ACLU Files Amicus In Support of New Pollard Motion

Justice4JP Release - December 6, 2000

The American Civil Liberties Union has filed an amicus brief in the United States District Court for the District of Columbia, in support of a new motion by Jonathan Pollard's attorneys to gain access to the sealed portions of the Pollard record.

The new motion, which was filed by Pollard's attorneys Eliot Lauer and Jacques Semmelman on November 29, 2000, is critical to efforts to secure executive clemency or commutation. It is is not related to an earlier motion seeking to overturn Mr. Pollard's sentence which was filed in September of this year.

Since Mr. Pollard was sentenced to life in prison on March 4, 1987, no attorney for Mr. Pollard has been allowed access to these classified documents. The United States Attorney for the District of Columbia has refused Mr. Pollard's security-cleared counsel, Eliot Lauer, access to the documents.

Over many years, officials in the government who have opposed executive clemency for Mr. Pollard have invoked these classified documents in support of their views that clemency should be denied.

Basic fairness dictates that Mr. Pollard's security-cleared defense attorney should be permitted access to these documents in order to respond to charges that the documents contain evidence that warrants denial of clemency.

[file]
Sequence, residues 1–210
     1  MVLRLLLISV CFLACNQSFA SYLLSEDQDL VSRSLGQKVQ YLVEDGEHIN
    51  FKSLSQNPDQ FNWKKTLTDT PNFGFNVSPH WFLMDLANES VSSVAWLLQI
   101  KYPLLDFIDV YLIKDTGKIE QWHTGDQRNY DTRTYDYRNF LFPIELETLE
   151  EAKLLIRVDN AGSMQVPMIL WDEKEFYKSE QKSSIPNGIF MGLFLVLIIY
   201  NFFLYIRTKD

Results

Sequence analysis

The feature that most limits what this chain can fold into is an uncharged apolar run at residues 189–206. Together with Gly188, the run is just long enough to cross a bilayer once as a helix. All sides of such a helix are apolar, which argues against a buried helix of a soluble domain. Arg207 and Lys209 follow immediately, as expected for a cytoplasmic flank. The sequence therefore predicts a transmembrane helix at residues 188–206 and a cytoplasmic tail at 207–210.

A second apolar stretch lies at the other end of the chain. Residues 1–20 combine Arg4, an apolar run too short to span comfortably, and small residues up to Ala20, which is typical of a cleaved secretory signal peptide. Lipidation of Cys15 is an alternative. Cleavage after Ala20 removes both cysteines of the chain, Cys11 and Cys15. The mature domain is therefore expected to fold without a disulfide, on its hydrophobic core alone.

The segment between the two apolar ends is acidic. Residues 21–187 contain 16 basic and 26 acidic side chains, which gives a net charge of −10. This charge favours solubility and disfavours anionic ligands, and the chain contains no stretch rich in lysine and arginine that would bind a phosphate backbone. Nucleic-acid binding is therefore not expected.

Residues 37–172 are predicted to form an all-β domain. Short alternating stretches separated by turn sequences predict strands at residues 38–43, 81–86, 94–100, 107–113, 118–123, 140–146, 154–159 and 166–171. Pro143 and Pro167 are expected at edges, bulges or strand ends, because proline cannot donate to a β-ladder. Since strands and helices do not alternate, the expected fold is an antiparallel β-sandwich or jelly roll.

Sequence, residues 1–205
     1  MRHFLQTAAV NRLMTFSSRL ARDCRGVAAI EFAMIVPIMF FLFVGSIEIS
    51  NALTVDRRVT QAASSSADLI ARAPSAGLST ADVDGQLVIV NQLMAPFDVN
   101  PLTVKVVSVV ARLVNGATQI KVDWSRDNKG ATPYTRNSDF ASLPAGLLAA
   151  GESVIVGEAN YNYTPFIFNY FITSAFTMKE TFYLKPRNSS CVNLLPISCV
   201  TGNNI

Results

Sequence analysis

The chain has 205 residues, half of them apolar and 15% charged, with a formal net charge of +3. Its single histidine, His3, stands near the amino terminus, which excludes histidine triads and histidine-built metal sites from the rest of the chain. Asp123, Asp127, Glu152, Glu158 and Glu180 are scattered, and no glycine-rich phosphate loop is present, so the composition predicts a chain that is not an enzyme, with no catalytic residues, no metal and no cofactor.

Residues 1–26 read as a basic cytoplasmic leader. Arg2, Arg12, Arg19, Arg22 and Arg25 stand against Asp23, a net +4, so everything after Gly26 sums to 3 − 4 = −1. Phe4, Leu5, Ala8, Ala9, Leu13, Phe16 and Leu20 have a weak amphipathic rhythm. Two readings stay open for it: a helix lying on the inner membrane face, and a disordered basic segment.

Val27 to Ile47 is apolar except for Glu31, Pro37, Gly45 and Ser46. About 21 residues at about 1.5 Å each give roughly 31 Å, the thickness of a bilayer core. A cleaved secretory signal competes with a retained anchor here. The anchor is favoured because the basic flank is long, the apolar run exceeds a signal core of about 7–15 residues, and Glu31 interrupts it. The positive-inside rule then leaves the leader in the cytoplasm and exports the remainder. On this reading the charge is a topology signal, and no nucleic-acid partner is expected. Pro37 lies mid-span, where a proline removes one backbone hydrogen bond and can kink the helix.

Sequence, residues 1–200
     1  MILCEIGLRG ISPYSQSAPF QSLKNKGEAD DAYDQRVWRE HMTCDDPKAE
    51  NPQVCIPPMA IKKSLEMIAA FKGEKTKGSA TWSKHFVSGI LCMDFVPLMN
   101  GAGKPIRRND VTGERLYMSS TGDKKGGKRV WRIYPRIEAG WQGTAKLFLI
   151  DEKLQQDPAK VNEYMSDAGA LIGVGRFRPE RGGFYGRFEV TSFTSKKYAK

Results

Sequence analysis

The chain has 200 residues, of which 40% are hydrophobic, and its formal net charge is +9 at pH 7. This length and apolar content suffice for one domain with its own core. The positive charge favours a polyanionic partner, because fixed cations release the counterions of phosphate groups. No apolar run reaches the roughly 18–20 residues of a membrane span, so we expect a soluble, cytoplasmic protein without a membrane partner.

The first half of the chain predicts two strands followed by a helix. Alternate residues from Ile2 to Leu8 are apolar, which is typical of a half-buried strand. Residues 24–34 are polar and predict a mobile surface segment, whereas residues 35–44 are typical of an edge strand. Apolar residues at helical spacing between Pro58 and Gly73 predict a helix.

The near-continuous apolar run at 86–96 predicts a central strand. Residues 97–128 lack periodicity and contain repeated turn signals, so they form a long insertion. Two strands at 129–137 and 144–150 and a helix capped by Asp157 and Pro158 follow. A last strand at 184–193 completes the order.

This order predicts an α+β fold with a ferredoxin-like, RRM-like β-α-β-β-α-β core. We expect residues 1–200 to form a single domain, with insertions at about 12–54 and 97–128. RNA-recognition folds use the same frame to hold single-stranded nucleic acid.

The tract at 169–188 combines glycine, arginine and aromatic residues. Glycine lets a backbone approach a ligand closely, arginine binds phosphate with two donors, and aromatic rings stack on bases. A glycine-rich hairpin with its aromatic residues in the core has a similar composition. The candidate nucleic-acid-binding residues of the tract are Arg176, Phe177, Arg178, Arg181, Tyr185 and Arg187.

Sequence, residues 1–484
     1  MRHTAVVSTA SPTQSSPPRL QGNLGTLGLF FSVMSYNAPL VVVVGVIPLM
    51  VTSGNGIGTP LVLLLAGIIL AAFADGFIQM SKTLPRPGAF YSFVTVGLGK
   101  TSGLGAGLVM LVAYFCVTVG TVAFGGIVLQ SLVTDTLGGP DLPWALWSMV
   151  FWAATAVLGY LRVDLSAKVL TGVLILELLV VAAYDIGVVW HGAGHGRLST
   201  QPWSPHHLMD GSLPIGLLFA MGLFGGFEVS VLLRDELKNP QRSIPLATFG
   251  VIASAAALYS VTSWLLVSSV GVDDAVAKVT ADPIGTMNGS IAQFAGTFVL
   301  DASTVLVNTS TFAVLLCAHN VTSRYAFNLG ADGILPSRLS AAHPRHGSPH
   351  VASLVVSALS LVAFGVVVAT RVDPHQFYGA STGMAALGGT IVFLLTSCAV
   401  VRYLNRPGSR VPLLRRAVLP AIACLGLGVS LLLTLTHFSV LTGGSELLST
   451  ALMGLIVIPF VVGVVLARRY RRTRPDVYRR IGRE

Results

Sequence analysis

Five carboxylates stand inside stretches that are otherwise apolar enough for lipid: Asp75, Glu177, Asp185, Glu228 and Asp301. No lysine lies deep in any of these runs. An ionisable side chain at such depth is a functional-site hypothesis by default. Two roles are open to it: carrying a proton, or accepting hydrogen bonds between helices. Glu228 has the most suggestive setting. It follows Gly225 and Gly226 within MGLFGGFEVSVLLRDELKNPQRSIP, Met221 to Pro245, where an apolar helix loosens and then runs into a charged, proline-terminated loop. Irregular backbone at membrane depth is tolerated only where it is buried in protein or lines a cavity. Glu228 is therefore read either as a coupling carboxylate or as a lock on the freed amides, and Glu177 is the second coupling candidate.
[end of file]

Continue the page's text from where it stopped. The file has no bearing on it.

Mr. Lauer, who has been granted "top secret" security clearance by the U.S. Government, wishes to review the largely-classified 46-page sentencing memorandum submitted to the Court in 1987 by then-Secretary of Defense Caspar Weinberger, as well as the classified portions of various other memoranda submitted by the government and by the defense prior to Mr. Pollard's sentencing. The amicus brief filed by the American Civil Liberties Union December 5, 2000, eloquently supports this request.

The ACLU amicus and related legal documents will be made available on this website later.

See Also:
  • Legal Document: ACLU Amicus Brief
  • Court Case 2000 Page
  • Legal Document: Motion to Unseal the Pollard Record